The International Monetary Fund (IMF) has raised questions over some part of the methodology to calculate gross domestic product (GDP) numbers in India. It said large revisions to historical series, the relatively short time span of the revised series, and major discrepancies between GDP by activity and GDP by expenditure complicate analysis. There was a major controversy over the back series data on the base year of 2011-12. A committee set up by the National Statistical Commission (NSC) came out with its recommendations on the back series, which showed double-digit growth in some years of the UPA government. The recommendations were junked by the government after those were put on the public domain. Later, the Ministry of Statistics and Programme Implementation (MoSPI) came out with its own back series data on the base year of 2011-12.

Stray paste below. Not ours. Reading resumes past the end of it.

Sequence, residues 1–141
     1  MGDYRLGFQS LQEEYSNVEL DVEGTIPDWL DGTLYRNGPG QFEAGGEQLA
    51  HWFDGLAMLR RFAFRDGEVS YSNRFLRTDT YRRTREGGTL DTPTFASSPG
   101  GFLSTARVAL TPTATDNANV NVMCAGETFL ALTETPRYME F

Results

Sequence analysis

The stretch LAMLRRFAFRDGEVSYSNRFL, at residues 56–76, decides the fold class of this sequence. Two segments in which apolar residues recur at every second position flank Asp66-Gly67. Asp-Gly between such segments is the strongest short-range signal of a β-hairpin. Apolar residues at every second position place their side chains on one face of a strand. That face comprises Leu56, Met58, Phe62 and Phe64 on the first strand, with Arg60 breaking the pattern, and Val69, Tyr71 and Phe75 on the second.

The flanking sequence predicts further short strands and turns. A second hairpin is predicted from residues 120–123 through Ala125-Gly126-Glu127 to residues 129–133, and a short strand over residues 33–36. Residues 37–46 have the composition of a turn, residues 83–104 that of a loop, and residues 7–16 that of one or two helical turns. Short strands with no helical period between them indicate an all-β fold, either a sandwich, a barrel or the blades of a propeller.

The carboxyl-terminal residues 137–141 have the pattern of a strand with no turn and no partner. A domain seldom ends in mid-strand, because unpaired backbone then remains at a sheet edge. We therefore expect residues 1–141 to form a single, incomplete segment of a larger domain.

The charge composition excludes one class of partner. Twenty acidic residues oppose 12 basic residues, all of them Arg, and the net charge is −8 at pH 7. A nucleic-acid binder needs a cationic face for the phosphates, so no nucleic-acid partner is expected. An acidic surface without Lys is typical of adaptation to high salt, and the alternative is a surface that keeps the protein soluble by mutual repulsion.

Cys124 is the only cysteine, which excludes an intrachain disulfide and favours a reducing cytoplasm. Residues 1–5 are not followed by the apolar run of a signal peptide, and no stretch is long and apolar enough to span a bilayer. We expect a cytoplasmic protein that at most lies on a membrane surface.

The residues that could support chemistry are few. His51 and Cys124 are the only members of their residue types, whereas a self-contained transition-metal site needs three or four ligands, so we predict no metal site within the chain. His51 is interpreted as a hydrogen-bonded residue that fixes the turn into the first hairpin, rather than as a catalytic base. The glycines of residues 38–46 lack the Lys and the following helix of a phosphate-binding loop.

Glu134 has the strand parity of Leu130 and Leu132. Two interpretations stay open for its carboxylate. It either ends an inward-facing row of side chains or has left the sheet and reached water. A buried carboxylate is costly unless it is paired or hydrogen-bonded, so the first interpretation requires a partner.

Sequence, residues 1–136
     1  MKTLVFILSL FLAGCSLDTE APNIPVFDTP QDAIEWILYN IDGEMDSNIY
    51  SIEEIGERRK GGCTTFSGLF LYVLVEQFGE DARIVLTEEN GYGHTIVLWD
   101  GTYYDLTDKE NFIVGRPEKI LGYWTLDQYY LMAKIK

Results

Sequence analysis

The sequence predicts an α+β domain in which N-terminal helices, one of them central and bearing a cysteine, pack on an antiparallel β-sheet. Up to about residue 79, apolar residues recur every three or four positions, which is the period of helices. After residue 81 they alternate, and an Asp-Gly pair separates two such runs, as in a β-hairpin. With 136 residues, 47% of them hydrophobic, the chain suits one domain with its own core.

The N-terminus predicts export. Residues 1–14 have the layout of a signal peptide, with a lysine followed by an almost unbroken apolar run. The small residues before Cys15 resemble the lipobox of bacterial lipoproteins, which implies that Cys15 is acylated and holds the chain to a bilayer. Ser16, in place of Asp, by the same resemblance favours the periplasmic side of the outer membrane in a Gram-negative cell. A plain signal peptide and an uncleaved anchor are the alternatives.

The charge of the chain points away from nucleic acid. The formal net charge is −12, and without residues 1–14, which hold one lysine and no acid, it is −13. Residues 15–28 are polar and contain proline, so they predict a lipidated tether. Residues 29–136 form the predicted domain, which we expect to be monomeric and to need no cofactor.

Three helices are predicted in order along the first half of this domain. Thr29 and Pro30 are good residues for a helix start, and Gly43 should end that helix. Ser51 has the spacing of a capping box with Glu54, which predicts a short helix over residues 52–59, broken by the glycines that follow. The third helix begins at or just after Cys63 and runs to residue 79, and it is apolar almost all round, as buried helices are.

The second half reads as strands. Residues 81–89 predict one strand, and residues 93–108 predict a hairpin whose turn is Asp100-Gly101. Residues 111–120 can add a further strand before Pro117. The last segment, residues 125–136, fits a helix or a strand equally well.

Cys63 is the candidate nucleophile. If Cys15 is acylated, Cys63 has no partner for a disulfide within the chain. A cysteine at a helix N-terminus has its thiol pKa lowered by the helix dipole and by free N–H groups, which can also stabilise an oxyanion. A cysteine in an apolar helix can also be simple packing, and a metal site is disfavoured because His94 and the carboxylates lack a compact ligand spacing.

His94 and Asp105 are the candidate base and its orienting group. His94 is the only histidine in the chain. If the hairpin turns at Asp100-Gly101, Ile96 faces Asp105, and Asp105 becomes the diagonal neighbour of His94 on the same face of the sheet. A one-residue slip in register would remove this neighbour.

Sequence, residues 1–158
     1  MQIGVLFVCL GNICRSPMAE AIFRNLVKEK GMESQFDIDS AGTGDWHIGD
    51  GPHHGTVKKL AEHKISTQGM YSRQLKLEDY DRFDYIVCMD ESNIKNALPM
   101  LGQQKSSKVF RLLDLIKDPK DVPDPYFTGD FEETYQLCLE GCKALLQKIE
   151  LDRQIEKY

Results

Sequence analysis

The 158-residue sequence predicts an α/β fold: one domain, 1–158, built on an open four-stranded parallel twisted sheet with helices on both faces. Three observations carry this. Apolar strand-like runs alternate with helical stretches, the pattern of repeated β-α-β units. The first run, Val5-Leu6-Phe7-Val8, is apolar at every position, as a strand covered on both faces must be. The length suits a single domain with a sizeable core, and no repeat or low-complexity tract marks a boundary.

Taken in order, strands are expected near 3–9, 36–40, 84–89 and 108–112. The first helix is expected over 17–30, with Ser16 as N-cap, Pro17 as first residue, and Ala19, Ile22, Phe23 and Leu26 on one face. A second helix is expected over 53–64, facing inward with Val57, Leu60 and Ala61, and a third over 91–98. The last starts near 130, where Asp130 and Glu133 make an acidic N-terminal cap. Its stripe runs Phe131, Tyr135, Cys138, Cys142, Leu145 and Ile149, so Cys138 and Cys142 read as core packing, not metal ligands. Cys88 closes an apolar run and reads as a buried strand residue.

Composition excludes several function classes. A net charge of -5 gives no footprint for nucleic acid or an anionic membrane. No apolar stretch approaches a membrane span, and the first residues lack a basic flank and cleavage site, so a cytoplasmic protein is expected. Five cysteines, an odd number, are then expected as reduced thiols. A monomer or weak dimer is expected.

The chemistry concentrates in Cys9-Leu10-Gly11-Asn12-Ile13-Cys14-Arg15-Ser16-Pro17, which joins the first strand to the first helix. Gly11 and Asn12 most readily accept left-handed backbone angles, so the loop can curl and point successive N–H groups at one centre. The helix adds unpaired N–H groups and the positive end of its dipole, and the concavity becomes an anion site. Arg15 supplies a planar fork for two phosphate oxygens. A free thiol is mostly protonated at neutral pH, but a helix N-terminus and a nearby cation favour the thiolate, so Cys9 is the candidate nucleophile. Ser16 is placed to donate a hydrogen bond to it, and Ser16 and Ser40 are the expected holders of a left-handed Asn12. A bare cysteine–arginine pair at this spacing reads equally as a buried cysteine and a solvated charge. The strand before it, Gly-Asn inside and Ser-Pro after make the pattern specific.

It varied hugely from the numbers given by the NSC panel, inviting criticism from many quarters.IMF also said there were weaknesses in the deflation method used to derive value added. Deflators are used to convert GDP at current prices to constant prices. IMF said the compilation of constant price GDP deviate from the conceptual requirements of the national accounts, in part due to the use of the Wholesale Price Index (WPI) as a deflator for many economic activities. “The appropriate price to deflate GDP by type of activity is the Producer Price Index (PPI), which is under development,” IMF said. Former chief statistician Pronab Sen said: “We know the weakness of the WPI series to be used as deflator.” Many countries use PPI as deflator as it captures services as well. However, Sen explained that services, particularly those provided by professionals, cannot be so easily priced uniformly even by PPI. For instance, medical services provided by a doctor would be priced differently from the ones by another doctor. These discrepancies on prices are there even in advanced countries’ GDP computation, which IMF conveniently glosses over, Sen said. Many have raised the issue of the correctness of the methodology of computing GDP on the new base year of 2011-12. For instance, former chief economic advisor Arvind Subramanian had found that the GDP growth rate has been overestimated by around 2.5 percentage points between 2011-12 and 2016-17 due to a change in methodology for calculating GDP.